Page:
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Old 10-16-2007, 04:51 PM
jeffnles1's Avatar
jeffnles1 jeffnles1 is offline
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Join Date: Jun 2007
Location: Northern Kentucky
Posts: 1,127
Default Norris Lake

I went to Norris over the weekend with my family. We stayed in the Twin Coves area. I believe the branch of the lake we were on is called Cove Creek. The lake is LOW.

The arm we were on still had water and was probably 30-40 feet deep out in the channel, but the lake is probably 20' low.

We didn't have a boat this weekend so it was bank fishing for me. Fishing the shoreline in this cove with the water as low as it is is dangerous at best. The shoreline is nearly vertical and all loose sandstone rocks that want to slide from under foot at every step. As steep as the shore is, a fall in the water would put one in 20+ feet of water just a couple feet from the shore.

I took my 5wt fly rod and caught a few fish (a couple small smallmouth and a couple bluegill) but with the shore so steep and the footing so unsure, I didn't want to cut my line up on the roks or fall and break an expensive fly rod and/or mess up an expensive fly line.

I ended up spending most of my time fishing with a spincast outfit and tossing plastic worms, rooster tails, crank baits, and rapalas.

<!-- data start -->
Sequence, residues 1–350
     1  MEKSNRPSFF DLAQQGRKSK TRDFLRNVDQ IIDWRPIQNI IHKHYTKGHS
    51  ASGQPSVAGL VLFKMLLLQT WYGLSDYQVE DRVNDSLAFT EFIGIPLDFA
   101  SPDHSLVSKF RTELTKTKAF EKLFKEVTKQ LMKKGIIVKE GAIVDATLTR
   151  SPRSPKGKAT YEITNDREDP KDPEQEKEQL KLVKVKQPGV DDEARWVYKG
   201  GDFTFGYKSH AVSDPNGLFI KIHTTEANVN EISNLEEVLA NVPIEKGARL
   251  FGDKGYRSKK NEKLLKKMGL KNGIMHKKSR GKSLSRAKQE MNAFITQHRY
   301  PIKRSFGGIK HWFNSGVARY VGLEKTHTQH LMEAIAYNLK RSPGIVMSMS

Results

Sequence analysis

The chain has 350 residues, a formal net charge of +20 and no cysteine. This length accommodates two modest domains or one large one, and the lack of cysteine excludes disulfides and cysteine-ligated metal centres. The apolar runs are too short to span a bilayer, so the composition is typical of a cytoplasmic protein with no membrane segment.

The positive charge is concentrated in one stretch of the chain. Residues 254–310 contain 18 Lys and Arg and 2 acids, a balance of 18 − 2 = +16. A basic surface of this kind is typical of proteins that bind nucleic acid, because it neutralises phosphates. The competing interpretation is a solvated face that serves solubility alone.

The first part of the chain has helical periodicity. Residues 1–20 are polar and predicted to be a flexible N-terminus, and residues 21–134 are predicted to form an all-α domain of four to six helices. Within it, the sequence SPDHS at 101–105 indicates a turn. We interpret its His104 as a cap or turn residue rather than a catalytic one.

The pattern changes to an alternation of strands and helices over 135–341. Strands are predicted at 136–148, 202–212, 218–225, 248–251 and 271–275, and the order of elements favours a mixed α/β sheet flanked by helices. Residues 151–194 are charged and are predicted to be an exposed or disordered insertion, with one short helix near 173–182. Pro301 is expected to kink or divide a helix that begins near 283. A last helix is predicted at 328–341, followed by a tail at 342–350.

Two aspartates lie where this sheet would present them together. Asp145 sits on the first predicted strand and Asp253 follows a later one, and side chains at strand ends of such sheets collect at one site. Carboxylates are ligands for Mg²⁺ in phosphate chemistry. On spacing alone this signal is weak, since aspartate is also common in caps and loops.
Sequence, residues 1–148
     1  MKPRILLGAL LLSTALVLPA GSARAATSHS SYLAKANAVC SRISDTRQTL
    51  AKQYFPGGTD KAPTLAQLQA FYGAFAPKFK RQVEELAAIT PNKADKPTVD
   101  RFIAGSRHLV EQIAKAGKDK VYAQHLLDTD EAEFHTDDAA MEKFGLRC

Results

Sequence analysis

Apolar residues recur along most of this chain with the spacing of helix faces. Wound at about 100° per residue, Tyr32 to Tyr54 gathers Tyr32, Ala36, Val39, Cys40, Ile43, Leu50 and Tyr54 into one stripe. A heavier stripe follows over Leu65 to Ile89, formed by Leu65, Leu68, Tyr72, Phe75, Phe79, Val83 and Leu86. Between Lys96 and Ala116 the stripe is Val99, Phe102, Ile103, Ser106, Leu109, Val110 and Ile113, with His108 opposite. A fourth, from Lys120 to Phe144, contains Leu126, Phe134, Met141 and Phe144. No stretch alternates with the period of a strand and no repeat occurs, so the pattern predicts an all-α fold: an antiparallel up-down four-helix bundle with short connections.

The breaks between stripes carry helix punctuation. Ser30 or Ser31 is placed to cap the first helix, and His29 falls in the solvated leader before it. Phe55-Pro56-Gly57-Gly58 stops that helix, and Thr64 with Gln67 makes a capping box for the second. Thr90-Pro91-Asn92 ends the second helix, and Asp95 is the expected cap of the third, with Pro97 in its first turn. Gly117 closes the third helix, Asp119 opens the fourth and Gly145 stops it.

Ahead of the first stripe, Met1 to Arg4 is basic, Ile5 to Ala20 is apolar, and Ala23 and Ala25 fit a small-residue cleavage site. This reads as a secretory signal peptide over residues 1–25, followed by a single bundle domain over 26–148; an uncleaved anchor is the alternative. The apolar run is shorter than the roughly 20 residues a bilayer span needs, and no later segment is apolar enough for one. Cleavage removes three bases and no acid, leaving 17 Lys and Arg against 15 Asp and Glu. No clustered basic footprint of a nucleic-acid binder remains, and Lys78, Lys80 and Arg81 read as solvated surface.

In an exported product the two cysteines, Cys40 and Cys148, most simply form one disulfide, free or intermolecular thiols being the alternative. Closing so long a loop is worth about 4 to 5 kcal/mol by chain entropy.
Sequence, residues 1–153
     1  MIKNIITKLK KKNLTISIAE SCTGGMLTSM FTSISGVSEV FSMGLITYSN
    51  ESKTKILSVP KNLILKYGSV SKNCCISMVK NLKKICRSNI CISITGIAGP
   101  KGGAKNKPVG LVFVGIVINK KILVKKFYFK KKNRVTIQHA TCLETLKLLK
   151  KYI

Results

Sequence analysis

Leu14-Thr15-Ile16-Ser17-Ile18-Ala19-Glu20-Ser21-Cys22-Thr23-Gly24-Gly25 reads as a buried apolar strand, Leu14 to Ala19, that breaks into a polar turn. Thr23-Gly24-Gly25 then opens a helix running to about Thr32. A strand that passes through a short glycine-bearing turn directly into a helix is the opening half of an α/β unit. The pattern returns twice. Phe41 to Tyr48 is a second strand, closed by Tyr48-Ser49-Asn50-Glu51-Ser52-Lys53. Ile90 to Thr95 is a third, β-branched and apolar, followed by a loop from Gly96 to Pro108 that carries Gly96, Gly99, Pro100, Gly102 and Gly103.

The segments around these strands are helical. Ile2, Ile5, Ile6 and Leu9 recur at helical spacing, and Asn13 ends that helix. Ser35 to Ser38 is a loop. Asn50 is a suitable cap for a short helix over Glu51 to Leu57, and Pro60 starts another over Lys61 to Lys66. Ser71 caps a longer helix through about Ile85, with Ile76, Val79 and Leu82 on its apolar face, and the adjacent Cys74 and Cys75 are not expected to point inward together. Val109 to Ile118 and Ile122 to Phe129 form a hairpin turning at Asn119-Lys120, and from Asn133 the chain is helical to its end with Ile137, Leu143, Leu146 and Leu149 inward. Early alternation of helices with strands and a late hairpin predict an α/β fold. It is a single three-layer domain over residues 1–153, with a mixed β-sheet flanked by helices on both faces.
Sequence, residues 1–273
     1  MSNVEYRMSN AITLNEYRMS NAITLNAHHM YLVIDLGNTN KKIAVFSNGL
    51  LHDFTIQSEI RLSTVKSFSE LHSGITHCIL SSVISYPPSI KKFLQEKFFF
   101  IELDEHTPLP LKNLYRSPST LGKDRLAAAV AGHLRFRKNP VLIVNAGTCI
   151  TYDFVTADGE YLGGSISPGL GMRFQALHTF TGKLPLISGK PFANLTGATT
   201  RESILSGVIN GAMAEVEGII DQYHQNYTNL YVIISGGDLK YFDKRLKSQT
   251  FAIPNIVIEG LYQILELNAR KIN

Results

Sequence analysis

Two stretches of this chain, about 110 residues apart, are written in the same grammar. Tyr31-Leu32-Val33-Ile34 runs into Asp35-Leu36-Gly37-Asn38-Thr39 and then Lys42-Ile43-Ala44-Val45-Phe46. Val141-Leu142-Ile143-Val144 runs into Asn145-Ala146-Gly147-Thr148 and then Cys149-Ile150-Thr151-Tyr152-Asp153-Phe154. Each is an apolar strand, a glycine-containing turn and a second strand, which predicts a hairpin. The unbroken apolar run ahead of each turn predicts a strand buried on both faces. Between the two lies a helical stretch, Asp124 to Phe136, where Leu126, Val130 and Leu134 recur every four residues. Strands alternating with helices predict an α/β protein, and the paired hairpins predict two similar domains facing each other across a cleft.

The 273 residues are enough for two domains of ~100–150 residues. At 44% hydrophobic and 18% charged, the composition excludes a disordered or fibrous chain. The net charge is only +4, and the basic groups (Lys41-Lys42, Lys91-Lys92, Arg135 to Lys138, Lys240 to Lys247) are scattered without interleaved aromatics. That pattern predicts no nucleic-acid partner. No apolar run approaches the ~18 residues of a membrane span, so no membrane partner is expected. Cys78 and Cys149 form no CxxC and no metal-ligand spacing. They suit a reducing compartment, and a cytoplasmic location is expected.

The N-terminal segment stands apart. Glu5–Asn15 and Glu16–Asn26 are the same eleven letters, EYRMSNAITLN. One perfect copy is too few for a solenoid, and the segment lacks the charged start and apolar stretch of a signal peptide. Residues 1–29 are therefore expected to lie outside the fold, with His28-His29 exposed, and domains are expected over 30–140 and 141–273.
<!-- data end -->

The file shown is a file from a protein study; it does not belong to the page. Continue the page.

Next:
The fishing was surprisingly good. I ended up catching 20 or so fish over the weekend. Most of them were not large, but a good mix of largemouth, smallmouth, rock bass, and bluegill. I managed to bring one bluegill in that was about 9". Wish I had him on the fly rod (My 3wt would have been a blast).

The highlight of the trip, however, was one particular smallmouth. I was casting a yellow rooster tail along the shore line and thought I had hooked one of the thousands of rocks I managed to hook this weekend. I started climbing over the rubble of sandstone to the location where I was snagged so that I could get a better angle and free up the lure. That's when I realized rocks do not move. The line was heading out to deeper water.

After what seemed like about 3 minutes, I managed to land a 17" smallmouth.

By some standards it's not a big deal, but that is the biggest smallie I've ever caught. I've landed some largemouth bigger, but prior to Sunday, the biggest smallie I had ever caught was 14". To me a 17" smallie was a monster.

The watter temp was still quite warm. If you have access to a boat, the fish seem to be wanting to start on their fall / pre winter feeding as I was getting a steady stream of strikes. I landed those 20+ fish in about 500 yards of shore line. With a boat to cover more water, it would have been an outstanding fishing weekend.

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